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OFSTED: Smoke and Mirrors and Malevolent Magic

A message from the front line.

cazzypotsblog

smokemirrors ‘Every damn thing we’ve talked about at school this week has been driven by Ofsted, and not by the need to educate children effectively’   @cbradbee tweeted last Wednesday.

Even in so few words, the distress and despair of this teacher is palpable. The fact that the OFSTED obsession is interfering with, and often hindering, the effective education of the children is a sad reflection of the times we live in. No surprise, then, that this tweet also summarises the entire ethos and philosophy of schools like mine.

Absolutely everything we do, nowadays, is driven by what our SLT team expect that OFSTED will be looking for. Much tea-leaf-poring has now been distilled into a list of lesson ‘requirements’ which is, I believe, based largely on the OFSTED lesson observation criteria. Lesson perfection; lesson utopia.

And yet. There are those who profoundly disagree. According to a BBC News report (13…

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(Another) Open Letter to Michael Gove

An all-too-familiar story: bullying and the opposite of democracy. Shameful.

a discount ticket to everywhere

Dear Mr Gove,

I know you’re getting a lot of open letters these days, but I do hope that you will read and pay attention to them. Maybe it would be a good idea to consider why so many people are upset.

I am writing to express my dismay at the high-handed and autocratic measures that Norfolk County Council is taking to force our boys’ school, Cavell Primary and Nursery School, to become an academy. Yes, the school is in special measures. Yes, it is government policy that schools in special measures should become academies to bring about improvement. However, in this case the school had opted to enter into a cooperative trust with other local schools, who were already working together strongly to share good practice and for the benefit of all schools involved. This approach was favoured by the school, the governors and the parents, who expressed overwhelming…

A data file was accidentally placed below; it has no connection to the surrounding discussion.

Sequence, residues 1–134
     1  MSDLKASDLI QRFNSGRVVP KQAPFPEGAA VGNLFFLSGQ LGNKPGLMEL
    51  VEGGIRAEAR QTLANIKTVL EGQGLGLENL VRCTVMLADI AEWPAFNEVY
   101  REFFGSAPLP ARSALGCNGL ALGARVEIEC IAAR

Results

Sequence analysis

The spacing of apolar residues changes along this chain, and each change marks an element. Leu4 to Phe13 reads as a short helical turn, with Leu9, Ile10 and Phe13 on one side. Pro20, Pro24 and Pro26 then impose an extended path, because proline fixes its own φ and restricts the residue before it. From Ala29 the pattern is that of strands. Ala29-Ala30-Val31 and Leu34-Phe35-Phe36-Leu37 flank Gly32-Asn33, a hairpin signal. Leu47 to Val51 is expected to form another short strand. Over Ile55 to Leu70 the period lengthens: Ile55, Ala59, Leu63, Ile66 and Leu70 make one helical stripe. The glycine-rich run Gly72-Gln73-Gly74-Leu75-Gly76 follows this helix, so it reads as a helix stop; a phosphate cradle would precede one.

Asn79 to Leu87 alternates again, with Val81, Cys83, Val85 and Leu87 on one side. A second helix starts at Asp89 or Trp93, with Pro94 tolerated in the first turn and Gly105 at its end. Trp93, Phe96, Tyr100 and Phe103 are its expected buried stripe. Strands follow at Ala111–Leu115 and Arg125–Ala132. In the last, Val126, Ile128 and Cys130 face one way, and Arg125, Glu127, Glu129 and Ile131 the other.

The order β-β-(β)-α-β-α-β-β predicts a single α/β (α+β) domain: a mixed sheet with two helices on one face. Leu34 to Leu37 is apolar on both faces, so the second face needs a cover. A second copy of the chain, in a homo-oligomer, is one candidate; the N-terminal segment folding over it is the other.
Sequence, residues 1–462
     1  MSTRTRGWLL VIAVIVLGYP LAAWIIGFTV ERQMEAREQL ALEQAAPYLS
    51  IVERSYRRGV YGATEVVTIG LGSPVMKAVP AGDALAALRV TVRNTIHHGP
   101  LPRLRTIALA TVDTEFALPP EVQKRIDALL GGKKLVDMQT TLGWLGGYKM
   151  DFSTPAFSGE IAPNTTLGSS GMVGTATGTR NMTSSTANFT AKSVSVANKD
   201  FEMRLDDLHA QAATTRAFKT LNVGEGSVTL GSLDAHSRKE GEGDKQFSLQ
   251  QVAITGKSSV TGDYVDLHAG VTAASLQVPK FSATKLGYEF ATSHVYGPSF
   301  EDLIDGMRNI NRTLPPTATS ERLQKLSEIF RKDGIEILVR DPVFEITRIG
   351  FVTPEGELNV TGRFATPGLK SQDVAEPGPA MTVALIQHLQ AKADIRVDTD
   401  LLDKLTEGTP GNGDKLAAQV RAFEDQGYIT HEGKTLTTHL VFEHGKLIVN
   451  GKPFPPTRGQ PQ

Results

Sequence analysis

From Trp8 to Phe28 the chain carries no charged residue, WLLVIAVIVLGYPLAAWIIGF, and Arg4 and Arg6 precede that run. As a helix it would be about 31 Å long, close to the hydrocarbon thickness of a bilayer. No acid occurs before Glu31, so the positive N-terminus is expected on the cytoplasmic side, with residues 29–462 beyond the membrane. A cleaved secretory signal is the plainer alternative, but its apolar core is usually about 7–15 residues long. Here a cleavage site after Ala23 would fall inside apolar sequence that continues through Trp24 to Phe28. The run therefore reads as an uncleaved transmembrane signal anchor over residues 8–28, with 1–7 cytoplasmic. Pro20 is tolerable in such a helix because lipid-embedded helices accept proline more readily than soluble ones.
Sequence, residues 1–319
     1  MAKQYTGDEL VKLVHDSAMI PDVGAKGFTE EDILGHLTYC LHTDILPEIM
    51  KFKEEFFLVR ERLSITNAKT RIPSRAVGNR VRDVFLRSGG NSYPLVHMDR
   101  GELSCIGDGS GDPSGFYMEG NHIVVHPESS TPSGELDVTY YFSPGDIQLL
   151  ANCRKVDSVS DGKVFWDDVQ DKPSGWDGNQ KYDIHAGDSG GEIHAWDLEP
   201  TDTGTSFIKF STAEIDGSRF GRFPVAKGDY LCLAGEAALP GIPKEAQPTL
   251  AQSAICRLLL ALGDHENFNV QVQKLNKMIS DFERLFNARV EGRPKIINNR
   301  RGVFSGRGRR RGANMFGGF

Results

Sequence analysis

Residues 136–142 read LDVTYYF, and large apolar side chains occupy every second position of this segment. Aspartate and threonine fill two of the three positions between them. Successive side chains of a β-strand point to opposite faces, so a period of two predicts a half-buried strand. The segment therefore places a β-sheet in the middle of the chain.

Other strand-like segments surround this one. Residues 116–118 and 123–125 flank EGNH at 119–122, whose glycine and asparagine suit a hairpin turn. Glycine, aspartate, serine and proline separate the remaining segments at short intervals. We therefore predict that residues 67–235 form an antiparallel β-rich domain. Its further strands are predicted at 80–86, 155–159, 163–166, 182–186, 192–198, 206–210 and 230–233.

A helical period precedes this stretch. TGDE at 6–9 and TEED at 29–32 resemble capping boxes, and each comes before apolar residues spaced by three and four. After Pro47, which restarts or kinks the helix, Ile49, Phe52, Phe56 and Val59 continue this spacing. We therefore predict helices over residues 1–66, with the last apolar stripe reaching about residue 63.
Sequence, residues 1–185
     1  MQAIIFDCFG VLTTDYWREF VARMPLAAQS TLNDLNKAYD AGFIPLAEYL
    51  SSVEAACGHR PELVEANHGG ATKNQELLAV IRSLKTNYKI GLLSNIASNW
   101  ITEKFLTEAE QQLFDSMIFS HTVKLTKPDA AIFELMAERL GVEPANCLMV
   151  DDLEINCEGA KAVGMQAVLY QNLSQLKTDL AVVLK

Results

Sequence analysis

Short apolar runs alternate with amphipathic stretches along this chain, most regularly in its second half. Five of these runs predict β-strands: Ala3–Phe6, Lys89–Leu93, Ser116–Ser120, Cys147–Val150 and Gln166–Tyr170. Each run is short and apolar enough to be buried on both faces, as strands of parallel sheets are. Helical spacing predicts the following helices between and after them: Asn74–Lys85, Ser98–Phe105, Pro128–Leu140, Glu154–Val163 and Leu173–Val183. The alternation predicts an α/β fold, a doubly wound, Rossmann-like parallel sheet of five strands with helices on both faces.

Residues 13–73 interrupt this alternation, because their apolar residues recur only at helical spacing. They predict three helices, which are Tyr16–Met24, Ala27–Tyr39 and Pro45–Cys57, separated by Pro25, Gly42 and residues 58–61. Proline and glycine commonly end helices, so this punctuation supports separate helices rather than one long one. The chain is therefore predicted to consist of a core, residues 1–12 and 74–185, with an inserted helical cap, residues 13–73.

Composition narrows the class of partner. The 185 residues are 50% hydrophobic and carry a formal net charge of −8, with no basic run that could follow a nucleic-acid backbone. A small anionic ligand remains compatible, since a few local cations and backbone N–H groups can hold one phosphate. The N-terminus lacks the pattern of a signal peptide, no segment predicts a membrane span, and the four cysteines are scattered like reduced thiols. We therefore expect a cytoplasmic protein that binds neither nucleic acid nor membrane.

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This much I know about…my ambivalent response to Gove’s re-takes don’t count in schools’ accountability measures policy change

This from the front line…

johntomsett

I have been a teacher for 25 years, a Headteacher for 10 years and, at the age of 49, this much I know about my ambivalent response to Gove’s re-takes don’t count in schools’ accountability measures policy change.

My strapline for this blog is taken from Hamlet – There is nothing either good or bad/ But thinking makes it so. It’s Shakespeare’s glass half full/half empty line for his Elizabethan audience. I have always been able to control my thinking and see my way through any challenge. But this week has been different. This week, with Gove’s announcement about re-takes and accountability measures, I have dithered over what to do in response to this policy change like never before. I even tweeted this, which ain’t like me at all…

tweet

The York Press has two photographs of me depending upon whether it is covering a positive story or a negative one. Well, this…